Railway Commissioning Authorisation Regulation (EIGV) published
The '13th Regulation on the Enactment and Amendment of Provisions of Railway Law' (ERÄV) has now been published in the Federal Law Gazette. That means that the Railway Commissioning Authorisation Regulation (EIGV) has been in force in Germany since 11 August 2018. The EIGV standardises and consolidates the national rules of procedure for the commissioning of rail vehicles and rail infrastructure in accordance with the European legal framework. The aim is the equal application of the European procedures in both cases, since different rules of procedure have been applied here in the past.
Essentially, the EIGV implements the old Interoperability Directive (2008/57/EC) and the 'Memorandum of Understanding on the Reorganisation of Authorisation Procedures for Rail Vehicles' of 26 June 2013. Other main points of the EIGV relate to the new version and the supersession of the TEIV by the EIGV, a new document structure which is divided up into general and complementary rules, a revision of the trial run regulation, a provision on the transition of German series approval toward European type approval, and the amendment of the Federal Regulation on Fees for Official Acts of Railway Administration (BEGebV).
Important for users: the transitional regulation in Section 42 of the EIGV
According to the transitional regulation (Section 42 I of the EIGV) the 'old' TEIV and the applicable law on which it has been based so far can still be applied to qualification procedures which are already in progress until 11 August 2019, provided that an application is made to the Federal Railway Office before 11 November 2018 and provided evidence can be presented of a so-called 'advanced state of development' (appointment of notified body). Moreover, the standard in Section 42 II of the EIGV stipulates that inspection and conformity assessment bodies which have been confirmed in accordance with the Memorandum of Understanding are only allowed to go on scrutinising the applicable national laws until 11 August 2020. If these inspection bodies (so-called appointed bodies) still wish to continue their activities in Germany after the target date, the time has now come for them to enter the appropriate approval procedure (Section 35 of the EIGV) at the Federal Railway Office.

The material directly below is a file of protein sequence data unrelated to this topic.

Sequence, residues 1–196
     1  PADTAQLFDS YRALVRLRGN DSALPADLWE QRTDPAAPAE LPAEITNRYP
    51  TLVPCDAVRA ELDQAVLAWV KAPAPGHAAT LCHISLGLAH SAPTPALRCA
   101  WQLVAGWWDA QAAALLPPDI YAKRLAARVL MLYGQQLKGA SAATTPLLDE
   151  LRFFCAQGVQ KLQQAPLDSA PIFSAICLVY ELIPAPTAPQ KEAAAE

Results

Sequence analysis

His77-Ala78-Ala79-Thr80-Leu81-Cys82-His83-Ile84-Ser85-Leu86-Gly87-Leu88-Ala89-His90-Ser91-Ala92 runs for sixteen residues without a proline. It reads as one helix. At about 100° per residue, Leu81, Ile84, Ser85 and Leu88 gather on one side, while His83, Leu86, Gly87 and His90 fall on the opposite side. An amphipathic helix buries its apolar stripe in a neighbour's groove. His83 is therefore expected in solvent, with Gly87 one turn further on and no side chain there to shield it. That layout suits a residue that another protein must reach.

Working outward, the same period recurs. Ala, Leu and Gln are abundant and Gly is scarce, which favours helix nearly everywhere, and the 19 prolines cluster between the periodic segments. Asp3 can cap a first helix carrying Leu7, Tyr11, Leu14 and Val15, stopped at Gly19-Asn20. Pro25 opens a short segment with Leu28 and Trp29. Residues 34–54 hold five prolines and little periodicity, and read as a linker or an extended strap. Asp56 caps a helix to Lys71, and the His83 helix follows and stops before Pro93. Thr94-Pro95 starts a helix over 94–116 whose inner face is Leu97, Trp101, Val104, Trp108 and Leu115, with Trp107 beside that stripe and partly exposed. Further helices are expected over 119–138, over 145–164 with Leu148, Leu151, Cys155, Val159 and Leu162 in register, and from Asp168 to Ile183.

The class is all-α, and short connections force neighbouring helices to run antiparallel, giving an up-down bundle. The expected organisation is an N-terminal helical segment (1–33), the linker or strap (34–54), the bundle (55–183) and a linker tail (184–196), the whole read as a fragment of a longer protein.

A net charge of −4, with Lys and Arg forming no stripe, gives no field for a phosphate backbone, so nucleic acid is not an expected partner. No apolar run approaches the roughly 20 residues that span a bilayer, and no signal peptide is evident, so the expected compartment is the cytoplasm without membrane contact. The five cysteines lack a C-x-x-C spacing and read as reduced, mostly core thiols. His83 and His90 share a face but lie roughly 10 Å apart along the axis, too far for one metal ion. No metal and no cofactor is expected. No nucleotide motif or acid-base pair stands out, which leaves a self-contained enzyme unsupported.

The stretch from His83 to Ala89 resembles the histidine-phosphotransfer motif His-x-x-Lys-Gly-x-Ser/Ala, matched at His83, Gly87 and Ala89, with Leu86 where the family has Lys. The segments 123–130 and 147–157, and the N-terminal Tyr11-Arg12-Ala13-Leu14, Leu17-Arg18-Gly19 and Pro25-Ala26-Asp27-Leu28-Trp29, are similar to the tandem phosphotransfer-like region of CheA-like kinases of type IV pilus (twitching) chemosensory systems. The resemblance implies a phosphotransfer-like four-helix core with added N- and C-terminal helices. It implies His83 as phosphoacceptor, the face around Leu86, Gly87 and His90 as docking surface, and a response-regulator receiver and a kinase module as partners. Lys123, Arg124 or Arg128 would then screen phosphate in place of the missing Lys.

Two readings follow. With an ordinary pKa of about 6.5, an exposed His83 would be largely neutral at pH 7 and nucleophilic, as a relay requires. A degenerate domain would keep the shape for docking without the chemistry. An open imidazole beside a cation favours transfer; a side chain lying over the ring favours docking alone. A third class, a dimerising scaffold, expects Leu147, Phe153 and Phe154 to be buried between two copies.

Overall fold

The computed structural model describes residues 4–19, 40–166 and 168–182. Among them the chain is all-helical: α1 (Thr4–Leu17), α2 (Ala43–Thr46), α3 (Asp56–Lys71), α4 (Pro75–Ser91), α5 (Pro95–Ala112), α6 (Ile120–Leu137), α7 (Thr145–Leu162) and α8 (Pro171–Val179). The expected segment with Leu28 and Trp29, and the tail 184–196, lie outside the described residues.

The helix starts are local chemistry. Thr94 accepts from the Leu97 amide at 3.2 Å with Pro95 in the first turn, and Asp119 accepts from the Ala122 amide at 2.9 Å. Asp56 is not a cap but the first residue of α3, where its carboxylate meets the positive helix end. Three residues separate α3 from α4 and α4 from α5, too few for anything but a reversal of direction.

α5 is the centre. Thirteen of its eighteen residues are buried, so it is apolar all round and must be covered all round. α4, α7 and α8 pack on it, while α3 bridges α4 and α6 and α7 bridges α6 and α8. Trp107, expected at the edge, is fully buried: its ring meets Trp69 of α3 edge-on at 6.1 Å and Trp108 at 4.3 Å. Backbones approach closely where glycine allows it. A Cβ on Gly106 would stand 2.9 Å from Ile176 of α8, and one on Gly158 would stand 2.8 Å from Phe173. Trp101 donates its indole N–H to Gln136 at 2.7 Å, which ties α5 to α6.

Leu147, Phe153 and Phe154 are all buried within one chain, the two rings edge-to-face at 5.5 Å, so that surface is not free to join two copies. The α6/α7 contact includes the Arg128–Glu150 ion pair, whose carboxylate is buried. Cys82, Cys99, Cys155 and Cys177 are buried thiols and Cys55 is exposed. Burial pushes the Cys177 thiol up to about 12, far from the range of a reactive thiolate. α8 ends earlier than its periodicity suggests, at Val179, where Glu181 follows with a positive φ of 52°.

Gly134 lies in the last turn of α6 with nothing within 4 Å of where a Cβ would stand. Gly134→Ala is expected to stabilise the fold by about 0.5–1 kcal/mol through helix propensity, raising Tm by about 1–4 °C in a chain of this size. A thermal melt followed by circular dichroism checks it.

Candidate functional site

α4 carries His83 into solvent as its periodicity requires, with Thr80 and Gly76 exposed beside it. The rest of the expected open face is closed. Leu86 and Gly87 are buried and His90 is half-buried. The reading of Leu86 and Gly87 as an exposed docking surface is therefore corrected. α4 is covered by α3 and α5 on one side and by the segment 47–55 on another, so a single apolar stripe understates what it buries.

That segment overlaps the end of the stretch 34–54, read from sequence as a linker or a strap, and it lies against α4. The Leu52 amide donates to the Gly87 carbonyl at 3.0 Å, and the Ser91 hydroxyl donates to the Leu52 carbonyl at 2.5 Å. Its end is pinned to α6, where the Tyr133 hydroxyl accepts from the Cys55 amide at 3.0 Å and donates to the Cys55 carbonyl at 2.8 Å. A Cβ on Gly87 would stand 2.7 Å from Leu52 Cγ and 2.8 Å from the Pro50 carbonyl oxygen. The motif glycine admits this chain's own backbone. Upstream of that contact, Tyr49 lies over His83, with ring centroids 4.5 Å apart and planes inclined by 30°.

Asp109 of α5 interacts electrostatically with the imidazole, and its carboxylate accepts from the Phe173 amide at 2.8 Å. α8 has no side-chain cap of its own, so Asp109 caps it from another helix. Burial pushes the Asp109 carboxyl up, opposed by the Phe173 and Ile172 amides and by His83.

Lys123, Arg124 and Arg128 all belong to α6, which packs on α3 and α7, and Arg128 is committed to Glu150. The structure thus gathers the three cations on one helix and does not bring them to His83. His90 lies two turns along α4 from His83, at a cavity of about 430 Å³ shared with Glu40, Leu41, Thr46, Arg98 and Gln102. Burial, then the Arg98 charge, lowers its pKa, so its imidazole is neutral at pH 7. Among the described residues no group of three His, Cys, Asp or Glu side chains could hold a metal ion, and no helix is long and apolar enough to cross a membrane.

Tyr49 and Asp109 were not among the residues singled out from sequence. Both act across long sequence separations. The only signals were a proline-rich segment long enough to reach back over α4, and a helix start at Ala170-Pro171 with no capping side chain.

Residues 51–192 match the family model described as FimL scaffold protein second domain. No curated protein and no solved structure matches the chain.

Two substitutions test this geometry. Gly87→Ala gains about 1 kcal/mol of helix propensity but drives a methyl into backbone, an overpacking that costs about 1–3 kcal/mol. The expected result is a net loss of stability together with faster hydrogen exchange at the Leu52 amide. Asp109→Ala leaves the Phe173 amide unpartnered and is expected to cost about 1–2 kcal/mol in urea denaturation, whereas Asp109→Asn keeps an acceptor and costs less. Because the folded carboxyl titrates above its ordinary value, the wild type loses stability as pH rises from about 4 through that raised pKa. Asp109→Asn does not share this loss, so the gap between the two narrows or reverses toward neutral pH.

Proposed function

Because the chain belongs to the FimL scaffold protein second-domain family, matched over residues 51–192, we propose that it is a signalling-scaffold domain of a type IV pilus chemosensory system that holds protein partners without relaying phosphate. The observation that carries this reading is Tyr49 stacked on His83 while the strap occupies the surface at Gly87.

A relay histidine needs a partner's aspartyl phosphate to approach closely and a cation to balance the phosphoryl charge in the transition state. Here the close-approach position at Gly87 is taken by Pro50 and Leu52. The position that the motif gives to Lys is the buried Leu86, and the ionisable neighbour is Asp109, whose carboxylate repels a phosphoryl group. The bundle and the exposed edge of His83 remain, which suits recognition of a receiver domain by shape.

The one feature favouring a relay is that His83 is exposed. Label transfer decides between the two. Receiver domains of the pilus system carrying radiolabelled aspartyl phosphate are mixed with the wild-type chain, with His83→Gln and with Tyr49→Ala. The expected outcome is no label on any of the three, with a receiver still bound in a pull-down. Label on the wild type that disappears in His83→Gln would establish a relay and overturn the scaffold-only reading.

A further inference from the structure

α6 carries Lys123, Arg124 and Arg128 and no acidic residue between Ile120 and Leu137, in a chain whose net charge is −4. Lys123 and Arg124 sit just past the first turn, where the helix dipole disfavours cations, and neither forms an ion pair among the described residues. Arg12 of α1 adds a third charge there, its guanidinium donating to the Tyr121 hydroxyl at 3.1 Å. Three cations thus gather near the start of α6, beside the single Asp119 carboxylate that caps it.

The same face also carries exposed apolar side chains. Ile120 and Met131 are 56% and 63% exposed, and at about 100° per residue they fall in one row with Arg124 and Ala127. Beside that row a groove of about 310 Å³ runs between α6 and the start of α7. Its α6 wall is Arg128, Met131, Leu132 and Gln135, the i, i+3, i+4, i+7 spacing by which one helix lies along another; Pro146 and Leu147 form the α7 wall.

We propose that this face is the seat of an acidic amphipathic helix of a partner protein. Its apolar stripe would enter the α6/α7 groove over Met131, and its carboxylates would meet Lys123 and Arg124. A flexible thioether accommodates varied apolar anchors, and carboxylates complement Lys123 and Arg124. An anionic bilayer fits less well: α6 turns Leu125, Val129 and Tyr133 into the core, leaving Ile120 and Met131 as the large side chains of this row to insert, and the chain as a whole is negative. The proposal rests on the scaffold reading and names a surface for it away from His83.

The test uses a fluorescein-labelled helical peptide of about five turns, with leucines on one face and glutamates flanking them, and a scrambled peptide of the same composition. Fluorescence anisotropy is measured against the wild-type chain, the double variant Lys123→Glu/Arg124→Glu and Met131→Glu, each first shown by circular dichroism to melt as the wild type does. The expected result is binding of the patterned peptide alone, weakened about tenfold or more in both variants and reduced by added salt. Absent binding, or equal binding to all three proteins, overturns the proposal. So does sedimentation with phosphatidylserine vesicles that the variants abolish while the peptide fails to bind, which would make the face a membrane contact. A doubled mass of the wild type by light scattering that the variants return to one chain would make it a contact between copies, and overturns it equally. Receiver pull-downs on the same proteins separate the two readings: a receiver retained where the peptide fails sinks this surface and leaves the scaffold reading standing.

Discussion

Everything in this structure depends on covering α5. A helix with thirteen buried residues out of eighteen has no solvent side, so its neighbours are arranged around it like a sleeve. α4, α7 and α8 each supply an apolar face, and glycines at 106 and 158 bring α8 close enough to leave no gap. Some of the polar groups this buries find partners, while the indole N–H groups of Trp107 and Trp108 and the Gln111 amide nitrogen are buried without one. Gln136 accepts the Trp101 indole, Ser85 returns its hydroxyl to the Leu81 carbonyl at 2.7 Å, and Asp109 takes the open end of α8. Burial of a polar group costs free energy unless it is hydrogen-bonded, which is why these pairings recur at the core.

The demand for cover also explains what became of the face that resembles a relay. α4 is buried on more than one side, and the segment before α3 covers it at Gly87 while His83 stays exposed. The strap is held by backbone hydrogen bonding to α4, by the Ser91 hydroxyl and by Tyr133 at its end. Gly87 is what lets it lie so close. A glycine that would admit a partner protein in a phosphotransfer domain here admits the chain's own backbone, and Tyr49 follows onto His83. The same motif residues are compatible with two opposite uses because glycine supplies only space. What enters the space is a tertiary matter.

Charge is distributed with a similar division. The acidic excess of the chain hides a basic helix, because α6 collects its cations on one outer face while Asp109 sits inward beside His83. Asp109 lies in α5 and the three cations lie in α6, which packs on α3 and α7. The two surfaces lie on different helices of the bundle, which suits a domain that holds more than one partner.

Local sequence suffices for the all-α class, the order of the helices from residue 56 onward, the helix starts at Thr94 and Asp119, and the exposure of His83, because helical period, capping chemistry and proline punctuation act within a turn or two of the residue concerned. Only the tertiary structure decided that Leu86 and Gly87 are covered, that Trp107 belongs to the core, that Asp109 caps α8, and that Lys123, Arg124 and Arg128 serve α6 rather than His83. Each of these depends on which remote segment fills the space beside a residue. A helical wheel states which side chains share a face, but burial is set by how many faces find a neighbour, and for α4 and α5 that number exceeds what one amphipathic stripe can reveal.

The current deadlines are creating an urgent need for action for all manufacturers of new vehicles and all applicants for conversion procedures who have projects in progress. A written application is to be submitted to the Federal Railway Office for these procedures and projects within the next few weeks, and there must be an investigation ahead of the event into whether or not the TEIV can and should continue to be applied, whether or not the procedures will be able to be brought to a conclusion in the near future, and what approval status the competent national inspection body actually has.
With the coming into force of the EIGV, the national authorisation reform, which has been going on in Germany for more than 5 years now, will be coming to a temporary end. The regulation puts more responsibility on rail protagonists, takes the burden off the national registration authority, and leads to a noticeable simplification of the official approval procedures in the authorisation of rail technology. As we see it, there are at present no major challenges or innovations for the rail sector associated with the EIGV. Firstly, thanks to the Memorandum of Understanding, the principal contents and processes of the EIGV are already well known and routinely practised in Germany, and secondly, the various different institutions and associations already worked together closely and successfully prior to that, while the regulation was being developed.
Having said that, the 13th ERÄV does not ensure that the German sector is legally compliant! Regrettably, the EIGV will not hold for long in its current version. With the introduction of the new European Implementing Regulation (EU) 2018/545 and the further implementation of the technical pillar of the 4th Railway Package, the EIGV will need to be adapted. In the years ahead, this 'jungle' of different procedures, regulations and requirements will pose considerable legal and operational challenges for rail protagonists.